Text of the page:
Similar to generic car problem, we apply three different reward function for comparison. For sparse reward setting, agent receives a reward of for reaching goal region and a reward of for collision penalty. At any other states, agent receives reward. Distance reward setting measures the Euclidean distance from any state position to the goal while agent obtain same reward at goal states and collision states. TTR-based reward function preserve exactly same reward information for goal region and collisions but assign negative TTR value as reward to quadrotor at each timestep. The episode runs for at most timesteps and the maximum thrust of quadrotor is set to be 1.5 times the weight of itself to simulate reality as much as possible. As is shown in our result, with the extremely sparse reward associated with reaching the goal on unstable highly dynamic system, it’s extremely difficult to learn a good policy. However, with a simple replacement with dynamics-informed TTR-based reward function, not only the performance but efficiency of agent’s learning is greatly improved.

Fig. 9: Performance visualization of quadrotor in gazebo simulator. Actually the picture is just a combination of the same quadrotor at different time snapshots.

Figures 6-8 show the performance of learning when use TTR-based reward function as well as the sparse reward and distance reward. Sparse reward, due to the extremely lack of effective feedback signal, never guide the agent reach the goal and thus cannot learn to deliberately move toward the goal region. Instead, it learns a locally optimal policy which hovers in small safe region to avoid any collision. The distance reward only consider the absolute distance between the agent and goal instead of the angle information, thus quadrotor always tries to reach the neighborhood area of goal region in a near-hover configuration. However, in our environment setting, quadrotor has much more difficulties in arriving the goal without any tilting motion. Thus quadrotor receiving distance reward will finally stay hovering nearby the goal but never produce any deliberate behaviors tilting towards the goal.

In contrast, as shown in Figure 9, the TTR-based reward performs very well in guiding quadrotor reaching the goal along shortest trajectories based on its’ start state in highly tilting status. During the training process, the TTR-based reward leads the quadrotor approach the goal area not only considering the distance between their positions but also the angular tendency. Gradually, the quadrotor find out that it would accumulate higher reward if it manages to arrive the goal within less time with highly tilting motions. The quadrotor can learn such complex behavior using TTR-based reward because it has captured the model dynamics in all state dimensions including pitch angles.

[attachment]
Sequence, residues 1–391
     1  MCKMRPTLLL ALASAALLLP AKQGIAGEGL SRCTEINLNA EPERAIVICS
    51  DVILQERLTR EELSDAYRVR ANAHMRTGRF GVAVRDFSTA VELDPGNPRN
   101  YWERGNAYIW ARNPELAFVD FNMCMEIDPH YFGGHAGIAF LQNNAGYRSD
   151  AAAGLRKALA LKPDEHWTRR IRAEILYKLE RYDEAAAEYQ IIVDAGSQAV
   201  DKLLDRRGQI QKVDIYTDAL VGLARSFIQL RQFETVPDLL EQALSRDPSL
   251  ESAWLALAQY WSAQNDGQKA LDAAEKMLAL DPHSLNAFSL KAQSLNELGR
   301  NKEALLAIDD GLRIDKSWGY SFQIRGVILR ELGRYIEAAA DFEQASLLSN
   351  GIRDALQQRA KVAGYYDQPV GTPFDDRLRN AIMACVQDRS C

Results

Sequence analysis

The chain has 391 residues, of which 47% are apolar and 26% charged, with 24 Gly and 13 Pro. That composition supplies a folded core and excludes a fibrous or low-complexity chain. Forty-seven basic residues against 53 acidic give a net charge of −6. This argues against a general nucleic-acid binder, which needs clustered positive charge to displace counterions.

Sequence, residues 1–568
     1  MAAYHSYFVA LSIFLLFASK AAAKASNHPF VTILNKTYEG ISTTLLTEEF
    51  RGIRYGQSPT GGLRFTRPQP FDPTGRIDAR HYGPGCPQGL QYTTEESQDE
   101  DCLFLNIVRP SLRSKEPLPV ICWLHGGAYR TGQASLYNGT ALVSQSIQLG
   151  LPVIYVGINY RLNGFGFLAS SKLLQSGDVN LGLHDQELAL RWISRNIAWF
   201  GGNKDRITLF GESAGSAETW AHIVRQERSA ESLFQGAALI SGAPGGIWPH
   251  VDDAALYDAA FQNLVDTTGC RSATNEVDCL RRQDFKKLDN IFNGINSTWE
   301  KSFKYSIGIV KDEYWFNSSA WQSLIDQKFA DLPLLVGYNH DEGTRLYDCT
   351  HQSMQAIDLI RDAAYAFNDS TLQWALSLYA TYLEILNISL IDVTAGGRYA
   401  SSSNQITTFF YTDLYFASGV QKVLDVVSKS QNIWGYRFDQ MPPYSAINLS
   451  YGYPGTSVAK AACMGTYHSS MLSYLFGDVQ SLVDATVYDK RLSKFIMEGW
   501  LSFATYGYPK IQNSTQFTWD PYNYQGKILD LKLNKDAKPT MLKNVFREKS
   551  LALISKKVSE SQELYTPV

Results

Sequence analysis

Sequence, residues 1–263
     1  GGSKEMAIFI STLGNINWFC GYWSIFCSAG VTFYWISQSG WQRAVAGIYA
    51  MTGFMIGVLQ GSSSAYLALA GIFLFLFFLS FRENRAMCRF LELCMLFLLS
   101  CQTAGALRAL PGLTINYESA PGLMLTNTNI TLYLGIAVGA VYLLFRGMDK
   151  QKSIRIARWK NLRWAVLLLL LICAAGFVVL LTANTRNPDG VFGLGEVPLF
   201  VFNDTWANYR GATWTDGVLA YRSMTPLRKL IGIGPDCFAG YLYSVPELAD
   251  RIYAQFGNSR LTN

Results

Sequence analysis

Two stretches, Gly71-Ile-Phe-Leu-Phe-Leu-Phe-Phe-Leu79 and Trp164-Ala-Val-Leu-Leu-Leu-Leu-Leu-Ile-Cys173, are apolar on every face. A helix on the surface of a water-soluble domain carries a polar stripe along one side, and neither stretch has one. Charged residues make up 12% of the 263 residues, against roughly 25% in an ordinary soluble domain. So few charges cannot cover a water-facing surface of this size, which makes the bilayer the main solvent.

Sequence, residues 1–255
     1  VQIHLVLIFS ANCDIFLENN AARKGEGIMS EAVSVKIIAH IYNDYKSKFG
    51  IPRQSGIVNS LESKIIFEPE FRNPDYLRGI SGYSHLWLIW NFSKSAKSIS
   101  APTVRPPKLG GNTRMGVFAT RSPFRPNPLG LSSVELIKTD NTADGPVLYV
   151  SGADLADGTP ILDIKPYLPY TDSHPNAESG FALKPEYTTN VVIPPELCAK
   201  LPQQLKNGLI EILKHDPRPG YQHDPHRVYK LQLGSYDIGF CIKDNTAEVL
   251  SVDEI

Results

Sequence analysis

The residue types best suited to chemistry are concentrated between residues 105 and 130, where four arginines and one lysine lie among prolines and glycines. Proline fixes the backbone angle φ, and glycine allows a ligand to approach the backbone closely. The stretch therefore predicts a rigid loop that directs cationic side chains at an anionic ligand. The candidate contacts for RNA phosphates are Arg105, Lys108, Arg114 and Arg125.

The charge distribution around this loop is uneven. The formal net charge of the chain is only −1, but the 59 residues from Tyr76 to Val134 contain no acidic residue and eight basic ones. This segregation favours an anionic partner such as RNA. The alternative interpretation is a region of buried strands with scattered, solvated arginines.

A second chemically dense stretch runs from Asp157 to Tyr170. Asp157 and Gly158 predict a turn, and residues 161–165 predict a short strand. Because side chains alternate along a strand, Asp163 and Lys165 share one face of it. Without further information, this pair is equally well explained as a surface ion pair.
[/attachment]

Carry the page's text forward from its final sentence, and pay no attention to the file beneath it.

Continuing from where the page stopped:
Specifically, figure 6 and 7 plots the training curves in terms of cumulative reward and success rate versus training iterations. As we can see, even though the learning process via TTR-based reward has comparatively large variance, it will finally search for a proper trajectory to the goal thus receive highest reward and success rate compared to the distance and sparse reward. This phenomenon illustrates that the TTR-based reward is able to encourage the agent to explore even more efficiently to avoid being stuck. And the evaluation figure 8 tells the same story that the policy learned from TTR-based reward will keep performing good and definitely beats the policy learned via distance or sparse reward especially when the task requires highly complicated motions, like quadrotor flying in a tilting manner333A short video demo of our work:

Vi Conclusion

In this paper, we proposed TTR-based reward shaping method, which addresses the challenge of high sample complexity in model-free reinforcement learning (RL) by using TTR function to provide reward at each timestep for guiding the policy learning process. In our approach, we first pick up an system model which could be the same one as forward learning process or a simplified model preserving main elements describing reward function. By computing TTR function based on the model we have chosen at the beginning of learning process and integrate it into training as reward at each timestep, the agent receive more dynamics-informed feedback and learns better and faster. TTR-based reward shaping is an effective way to leverage physical priors to dramatically increase the speed of training for model-free algorithms without affecting their flexibility to a large variety of complicated RL problems.

There are still several possible choices of future work. Since usually there will be obstacles in the scene of goal-oriented RL tasks, it would be of interest if the info of obstacles (position, shape) could be incorporated as part of model dynamics to develop more informative TTR-based reward for learning policies. Moreover, TTR-based reward shaping method has potential to replace the sparse reward setting when physical model could be accessible and could be integrated with other deep exploration techniques like hierarchical reinforcement learning to obtain even better experimental performance.